Complex policy discussions are difficult today because the media forces us to argue in soundbites. Additionally, the emergency atmosphere currently surrounding education leads to a situation where immediate results are seen as necessary to reform what is continually portrayed as a failing system. This creates an environment where actions taken are transactional instead of transformational. Transformation of a system takes time and patience. It involves false starts, failures and trips down blind alleys. However, in the end, such time spent would result in a transformed system that is reshaped in the image of our modern society and culture. Today in education, everybody is talking about innovation, but few are doing anything truly innovative. Our current system is designed to drive us toward standardized delivery of education services which inhibits necessary innovation and mires us in mediocrity. Pockets of excellence do emerge, but it is difficult as we struggle upstream against the deluge of polices flooding our overburdened system. Educators realize this, but are held hostage to our test scores as these are the primary metric by which the state judges our performance.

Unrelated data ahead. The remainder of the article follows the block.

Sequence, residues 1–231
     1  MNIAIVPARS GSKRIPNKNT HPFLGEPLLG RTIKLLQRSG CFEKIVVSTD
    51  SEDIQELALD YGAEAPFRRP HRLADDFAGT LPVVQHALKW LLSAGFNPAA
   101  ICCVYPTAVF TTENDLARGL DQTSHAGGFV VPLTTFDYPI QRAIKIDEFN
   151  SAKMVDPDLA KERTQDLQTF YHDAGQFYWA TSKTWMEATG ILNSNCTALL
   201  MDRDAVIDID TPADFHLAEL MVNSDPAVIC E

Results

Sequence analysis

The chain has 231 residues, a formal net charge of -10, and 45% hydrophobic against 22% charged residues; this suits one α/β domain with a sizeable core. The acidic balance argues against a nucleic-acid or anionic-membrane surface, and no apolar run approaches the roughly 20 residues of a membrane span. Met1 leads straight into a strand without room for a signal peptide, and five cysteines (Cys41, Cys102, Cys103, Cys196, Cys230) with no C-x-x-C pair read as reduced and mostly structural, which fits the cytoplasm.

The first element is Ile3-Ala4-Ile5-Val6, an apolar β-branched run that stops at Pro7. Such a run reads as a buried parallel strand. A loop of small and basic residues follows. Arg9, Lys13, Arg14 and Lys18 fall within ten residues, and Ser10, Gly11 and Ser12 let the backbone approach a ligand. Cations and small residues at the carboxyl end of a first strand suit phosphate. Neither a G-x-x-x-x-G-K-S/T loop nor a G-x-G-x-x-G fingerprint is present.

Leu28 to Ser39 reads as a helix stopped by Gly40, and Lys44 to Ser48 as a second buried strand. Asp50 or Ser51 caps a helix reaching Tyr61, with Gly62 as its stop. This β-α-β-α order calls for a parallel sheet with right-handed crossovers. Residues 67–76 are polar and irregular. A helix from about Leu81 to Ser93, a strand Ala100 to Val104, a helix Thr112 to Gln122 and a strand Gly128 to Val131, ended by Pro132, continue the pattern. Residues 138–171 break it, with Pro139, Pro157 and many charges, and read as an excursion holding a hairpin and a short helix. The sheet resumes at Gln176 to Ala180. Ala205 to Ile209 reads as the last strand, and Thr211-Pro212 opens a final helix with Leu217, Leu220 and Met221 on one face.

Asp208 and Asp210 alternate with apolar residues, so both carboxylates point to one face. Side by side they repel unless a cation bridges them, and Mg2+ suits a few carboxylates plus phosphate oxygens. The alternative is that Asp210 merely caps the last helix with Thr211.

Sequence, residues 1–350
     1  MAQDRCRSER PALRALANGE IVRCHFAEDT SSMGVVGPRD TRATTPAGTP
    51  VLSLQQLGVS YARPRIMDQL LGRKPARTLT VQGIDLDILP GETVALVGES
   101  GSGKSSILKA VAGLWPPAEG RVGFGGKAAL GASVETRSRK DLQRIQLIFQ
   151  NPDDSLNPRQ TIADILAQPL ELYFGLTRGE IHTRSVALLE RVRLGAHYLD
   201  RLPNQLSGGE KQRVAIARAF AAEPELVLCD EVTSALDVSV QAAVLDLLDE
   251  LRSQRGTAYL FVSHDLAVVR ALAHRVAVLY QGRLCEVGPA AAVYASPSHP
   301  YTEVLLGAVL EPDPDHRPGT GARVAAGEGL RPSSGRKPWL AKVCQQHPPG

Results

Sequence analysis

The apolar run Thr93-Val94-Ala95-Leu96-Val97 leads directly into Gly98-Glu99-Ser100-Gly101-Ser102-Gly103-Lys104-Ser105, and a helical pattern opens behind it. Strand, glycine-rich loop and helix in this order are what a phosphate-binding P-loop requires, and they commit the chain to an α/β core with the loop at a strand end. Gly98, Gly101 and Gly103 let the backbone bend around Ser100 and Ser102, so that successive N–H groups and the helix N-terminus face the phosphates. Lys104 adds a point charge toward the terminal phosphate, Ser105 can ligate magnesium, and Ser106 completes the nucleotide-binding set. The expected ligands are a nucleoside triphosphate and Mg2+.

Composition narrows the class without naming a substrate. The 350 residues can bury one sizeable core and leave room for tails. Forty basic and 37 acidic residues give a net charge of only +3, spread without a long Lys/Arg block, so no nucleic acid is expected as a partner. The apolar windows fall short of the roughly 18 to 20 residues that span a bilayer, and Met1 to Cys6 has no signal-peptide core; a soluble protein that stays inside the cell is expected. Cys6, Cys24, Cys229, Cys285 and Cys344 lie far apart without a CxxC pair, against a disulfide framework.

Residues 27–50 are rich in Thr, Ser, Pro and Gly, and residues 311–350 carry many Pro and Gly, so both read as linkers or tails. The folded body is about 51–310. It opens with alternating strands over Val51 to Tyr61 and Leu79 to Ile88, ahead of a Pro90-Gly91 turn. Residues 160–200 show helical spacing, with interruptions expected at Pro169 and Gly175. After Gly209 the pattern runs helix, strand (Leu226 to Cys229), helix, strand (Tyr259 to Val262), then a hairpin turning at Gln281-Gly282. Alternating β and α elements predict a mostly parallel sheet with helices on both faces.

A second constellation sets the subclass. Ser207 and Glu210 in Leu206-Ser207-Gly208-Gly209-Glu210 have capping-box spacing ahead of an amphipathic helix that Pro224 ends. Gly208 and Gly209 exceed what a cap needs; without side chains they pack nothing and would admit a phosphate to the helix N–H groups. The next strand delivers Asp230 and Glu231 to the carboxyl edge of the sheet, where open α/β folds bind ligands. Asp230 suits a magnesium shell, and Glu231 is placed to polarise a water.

This year in Massachusetts the situation has reached a level that is truly unbelievable. Students across the state will be taking multiple forms of state assessments. Students in some districts will continue taking the traditional paper based MCAS exam. Other students will be taking the paper based PARCC exam and still others will be taking the PARCC exam on computers. Further complicating the picture is the fact that some districts whose students took the PARCC exam on computer last year have now switched back to have them take it on paper instead. Why you might ask? The answer is that student performance across the state demonstrated that students did better when taking the exam on paper as opposed to computer. Given the high stakes nature of the results of these exams for districts one can’t fault systems for trying to give themselves a competitive advantage by gaming the system. However, what do such strategies have to do with an accurate measurement of student achievement?